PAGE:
There were times, especially in the early stages, in 2011, when I feared we wouldn’t make it. What happens if a country runs out of money? How, in those circumstances, do you keep the schools and hospitals open, and keep the police on the streets, and how do you persuade the job creators to invest? Believe me, if we had not come to grips with it, this could all have gon e from crisis to disaster.

Labour always believed that the EU/IMF bailout plan agreed by Fianna Fáil was deeply flawed. It was a plan based on debt, not growth. The loans were too expensive, the conditions too onerous, and there was no plan to create jobs. And yet, without those bailout loans, the country had only five months money left. Five months money to pay for pensions, for wages, for hospitals. We had the money to run the schools until the summer, but no money to reopen them that September – unless we took the Troika loans.

When you are in that position, when your country is in that position, things become very clear. You have to decide very quickly what the bottom line is. To me there was only one answer: we had to fix the problem. Ignoring it or prolonging it was not an option. So in everything we had to do, only one thing mattered: fixing the problem. What would make the problem better or worse? Would the decisions we made each day, improve the positio n of the country, or wouldn’t they?

And it was about the country. It was about the future. This was no time to put party advantage before national responsibility. This was a moment of national crisis which required of us to think not about the next election but about the next generation.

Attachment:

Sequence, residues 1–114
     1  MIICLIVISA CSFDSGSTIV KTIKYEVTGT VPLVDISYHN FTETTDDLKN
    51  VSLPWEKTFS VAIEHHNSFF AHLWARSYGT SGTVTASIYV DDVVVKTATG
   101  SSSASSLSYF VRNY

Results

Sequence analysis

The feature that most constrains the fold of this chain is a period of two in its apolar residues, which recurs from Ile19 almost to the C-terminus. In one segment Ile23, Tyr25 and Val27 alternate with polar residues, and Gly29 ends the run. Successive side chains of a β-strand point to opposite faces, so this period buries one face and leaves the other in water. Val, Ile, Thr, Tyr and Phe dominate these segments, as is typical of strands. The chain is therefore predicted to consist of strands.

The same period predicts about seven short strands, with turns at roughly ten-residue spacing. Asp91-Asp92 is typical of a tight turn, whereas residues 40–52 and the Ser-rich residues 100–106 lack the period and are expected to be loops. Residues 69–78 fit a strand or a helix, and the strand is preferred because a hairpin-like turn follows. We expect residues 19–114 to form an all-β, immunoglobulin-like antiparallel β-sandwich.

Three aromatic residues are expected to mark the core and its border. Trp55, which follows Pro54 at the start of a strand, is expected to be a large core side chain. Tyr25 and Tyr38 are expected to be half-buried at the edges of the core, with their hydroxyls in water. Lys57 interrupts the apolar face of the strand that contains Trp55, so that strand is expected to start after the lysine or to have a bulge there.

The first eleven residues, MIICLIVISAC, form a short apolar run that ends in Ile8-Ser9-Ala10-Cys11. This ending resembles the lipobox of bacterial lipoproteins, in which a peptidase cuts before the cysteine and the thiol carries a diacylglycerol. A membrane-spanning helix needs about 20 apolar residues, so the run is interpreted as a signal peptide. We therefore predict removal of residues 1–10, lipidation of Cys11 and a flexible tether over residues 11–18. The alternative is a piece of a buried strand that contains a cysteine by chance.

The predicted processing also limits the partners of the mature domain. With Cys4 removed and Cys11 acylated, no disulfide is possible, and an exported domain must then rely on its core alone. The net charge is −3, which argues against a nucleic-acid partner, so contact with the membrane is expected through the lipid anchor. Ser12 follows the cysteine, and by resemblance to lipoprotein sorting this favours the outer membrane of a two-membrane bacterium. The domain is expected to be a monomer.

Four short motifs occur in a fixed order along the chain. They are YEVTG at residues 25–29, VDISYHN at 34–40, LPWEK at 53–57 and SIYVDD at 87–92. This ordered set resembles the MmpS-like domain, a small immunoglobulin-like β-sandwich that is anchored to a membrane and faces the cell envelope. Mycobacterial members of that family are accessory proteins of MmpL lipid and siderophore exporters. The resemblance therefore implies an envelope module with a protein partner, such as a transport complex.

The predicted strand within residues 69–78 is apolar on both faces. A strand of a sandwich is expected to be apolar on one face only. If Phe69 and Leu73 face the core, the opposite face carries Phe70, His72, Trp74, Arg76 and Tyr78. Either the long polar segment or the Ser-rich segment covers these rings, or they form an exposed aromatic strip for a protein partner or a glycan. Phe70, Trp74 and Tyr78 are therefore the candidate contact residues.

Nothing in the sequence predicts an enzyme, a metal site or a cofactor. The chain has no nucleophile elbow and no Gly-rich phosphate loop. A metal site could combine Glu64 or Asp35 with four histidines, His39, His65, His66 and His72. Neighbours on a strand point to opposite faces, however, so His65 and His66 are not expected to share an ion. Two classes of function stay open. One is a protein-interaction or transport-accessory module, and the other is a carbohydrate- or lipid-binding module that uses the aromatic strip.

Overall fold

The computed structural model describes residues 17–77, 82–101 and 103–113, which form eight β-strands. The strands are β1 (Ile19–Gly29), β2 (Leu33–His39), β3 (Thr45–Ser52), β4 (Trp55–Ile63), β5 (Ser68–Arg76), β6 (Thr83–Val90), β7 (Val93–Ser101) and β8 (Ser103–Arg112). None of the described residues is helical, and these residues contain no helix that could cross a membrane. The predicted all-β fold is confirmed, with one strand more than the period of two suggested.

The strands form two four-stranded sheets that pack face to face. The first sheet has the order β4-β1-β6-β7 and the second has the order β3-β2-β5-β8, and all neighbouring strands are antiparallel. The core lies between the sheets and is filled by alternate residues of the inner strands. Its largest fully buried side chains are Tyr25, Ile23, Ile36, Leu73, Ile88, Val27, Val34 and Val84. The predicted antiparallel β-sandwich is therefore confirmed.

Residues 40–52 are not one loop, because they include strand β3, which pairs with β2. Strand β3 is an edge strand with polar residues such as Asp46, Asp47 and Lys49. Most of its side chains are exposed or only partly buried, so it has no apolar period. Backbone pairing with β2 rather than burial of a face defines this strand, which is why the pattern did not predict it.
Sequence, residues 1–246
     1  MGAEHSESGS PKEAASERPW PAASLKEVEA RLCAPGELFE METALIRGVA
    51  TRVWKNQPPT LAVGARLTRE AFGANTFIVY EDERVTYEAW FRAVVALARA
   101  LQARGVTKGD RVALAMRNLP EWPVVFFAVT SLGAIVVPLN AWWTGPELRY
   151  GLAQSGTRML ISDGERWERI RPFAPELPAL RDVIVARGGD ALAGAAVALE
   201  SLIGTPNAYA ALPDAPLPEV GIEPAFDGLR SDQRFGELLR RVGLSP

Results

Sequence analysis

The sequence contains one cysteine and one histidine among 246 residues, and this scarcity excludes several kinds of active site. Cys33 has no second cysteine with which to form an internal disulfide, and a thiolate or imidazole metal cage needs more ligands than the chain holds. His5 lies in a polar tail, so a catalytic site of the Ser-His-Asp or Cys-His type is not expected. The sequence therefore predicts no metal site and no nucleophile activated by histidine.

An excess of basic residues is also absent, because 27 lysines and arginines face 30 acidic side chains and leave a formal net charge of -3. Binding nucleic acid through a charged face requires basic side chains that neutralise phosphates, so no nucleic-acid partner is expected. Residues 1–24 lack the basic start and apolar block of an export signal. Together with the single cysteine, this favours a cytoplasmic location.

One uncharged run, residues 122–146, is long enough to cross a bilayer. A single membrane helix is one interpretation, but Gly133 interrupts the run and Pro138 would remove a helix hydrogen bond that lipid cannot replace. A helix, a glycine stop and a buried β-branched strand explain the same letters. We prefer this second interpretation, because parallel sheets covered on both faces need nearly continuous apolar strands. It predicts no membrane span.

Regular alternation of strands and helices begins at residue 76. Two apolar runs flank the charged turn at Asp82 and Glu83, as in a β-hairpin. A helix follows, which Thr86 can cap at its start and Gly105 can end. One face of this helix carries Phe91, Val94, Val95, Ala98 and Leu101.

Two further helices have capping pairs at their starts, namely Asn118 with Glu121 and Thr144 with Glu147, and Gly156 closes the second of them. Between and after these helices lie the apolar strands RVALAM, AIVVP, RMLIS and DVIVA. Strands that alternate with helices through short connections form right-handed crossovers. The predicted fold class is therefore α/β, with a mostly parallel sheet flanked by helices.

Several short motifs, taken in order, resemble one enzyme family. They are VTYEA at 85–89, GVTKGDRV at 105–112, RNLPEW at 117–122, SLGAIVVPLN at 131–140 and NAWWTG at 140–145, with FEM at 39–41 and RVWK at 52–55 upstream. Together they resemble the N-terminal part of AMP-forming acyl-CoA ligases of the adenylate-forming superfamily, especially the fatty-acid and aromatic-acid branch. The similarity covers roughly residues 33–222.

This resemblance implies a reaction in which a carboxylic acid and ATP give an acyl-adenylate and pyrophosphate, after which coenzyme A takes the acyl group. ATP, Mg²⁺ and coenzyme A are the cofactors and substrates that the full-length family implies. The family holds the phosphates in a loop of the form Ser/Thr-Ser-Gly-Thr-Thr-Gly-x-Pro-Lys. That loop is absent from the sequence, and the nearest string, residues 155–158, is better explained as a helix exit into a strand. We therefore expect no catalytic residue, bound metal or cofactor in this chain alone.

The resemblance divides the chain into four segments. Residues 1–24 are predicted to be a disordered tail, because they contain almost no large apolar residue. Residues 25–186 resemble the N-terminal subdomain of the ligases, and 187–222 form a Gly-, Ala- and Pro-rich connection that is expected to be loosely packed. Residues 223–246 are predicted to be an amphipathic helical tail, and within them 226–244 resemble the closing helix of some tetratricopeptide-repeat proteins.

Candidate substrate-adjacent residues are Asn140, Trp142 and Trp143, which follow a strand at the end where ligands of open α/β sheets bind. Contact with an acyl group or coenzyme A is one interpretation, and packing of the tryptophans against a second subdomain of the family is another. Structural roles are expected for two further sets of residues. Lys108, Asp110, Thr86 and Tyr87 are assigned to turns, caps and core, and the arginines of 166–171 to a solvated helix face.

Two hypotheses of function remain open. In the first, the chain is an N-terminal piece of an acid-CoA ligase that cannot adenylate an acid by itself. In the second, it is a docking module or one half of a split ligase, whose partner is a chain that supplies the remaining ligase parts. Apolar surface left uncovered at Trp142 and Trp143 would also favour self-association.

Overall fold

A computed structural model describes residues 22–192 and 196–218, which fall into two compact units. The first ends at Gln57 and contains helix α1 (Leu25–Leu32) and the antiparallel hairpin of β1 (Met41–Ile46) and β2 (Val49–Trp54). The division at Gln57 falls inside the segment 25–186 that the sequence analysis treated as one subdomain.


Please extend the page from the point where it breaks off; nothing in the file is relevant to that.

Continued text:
Bit by bit, piece by piece, we renegotiated the EU/IMF programme from within. Cutting the cost of the loans, changing the terms and conditions, putting in place a strategy for jobs. Repairing Ireland’s reputation abroad and reconstructing the programme so that it was as fair as it could be. We ended the bank guarantee. We ended the promissory note. And we liquidated Anglo.

And no-one did more to free our country from the shackles of the bailout, than that great servant of Labour, Brendan Howlin.

It could of course have been very different. If Labour had not done what Labour has done, we could all be here tonight, perhaps in the political comfort of opposition, but instead of exiting the bailout, our country would be going into a second one; with workers facing a collapse in their wages; our schools, hospitals and pensioners facing huge cuts in their money and hundreds of thousands of jobs being lost as investors drew away from a failing economy. The future would look very different then as we would be facing a sentence of maybe 20 years austerity, before we could recover.

Not everyone has been happy with some of the decisions we have had to make. I understand that and I accept responsibility for it. But we always knew that this was going to be tough. And it has been.

This is not a Labour government or a Labour-led government. It is a coalition Government.

Labour and Fine Gael are different parties, sometimes with very different approaches and instincts. A lot of our battles have been fought in private and our compromises made in public. That is in the nature of coalition government.

But we are both agreed on the necessity and urgency of recovery and we are both determined to see it through. And we will. And I want to acknowledge, in particular, the pragmatic and honourable approach of the Taoiseach Enda Kenny in all of the work we do together.

The crisis is not all fully fixed yet, but because of the progress we have made, we can now at last begin to look forward to post recession Ireland. And because Labour is the Party of work, the creation of jobs is the first item on our agenda for the future.